Time was when the defensive front for the Lions was traditionally a strength. Even when the offense was plodding, the Lions defense, anchored by the big uglies in the trenches and flanked by cornerbacks Lem Barney and Dick LeBeau, was no picnic for the opposition.

There was a drought in that area until the early-1980s.

They called themselves the “Silver Rush.” They were Doug English and Al “Bubba” Baker and Dave Pureifory and Bill Gay. They were veterans acquired from other teams like Curley Culp and Mike Fanning and Joe Ehrmann. And they caused sleepless nights for offensive coordinators.

What’s happening now with the Lions is warming the cockles of my heart.

Right now, for the first time in close to 30 years, the Lions are creating a defensive line corps that is nasty. And for once, when it comes to the boys in Honolulu Blue and Silver, I mean that in a good way.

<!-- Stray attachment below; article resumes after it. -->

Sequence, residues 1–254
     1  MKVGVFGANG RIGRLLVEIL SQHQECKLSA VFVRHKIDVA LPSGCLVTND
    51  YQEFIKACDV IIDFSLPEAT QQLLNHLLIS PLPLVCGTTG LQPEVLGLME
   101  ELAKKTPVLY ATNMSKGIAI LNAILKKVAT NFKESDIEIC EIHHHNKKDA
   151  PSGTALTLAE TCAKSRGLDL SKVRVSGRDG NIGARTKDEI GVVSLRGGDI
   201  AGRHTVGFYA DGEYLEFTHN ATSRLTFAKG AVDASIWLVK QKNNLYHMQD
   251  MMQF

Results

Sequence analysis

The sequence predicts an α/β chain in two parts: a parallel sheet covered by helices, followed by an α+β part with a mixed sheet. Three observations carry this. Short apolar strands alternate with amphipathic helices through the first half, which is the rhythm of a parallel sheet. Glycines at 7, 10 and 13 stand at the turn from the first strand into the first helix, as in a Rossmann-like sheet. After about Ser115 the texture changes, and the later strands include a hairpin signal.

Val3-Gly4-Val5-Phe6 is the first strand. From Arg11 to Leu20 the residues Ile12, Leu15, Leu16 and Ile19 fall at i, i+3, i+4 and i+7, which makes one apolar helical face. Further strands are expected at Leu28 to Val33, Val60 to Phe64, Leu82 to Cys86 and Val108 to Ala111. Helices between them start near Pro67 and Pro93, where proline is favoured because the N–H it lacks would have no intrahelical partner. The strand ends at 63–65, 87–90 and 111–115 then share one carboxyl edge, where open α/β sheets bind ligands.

The first-round draft pick of 2011, one Nick Fairley from Auburn, is a defensive tackle. A very GOOD defensive tackle—perhaps the best available off the board. That he fell to the Lions at pick No. 13 was both fortuitous and unexpected—and with the Lions, we’ve gotten plenty of the latter but not so much of the former.

Fairley, playing alongside Ndamukong Suh in the middle of the Lions defensive front, with ends Kyle Vanden Bosch and Cliff Avril—and with veteran tackle Corey Williams being shuttled in throughout the game—means one glorious thing.

The Lions aren’t going to be anyone’s punching bag anymore.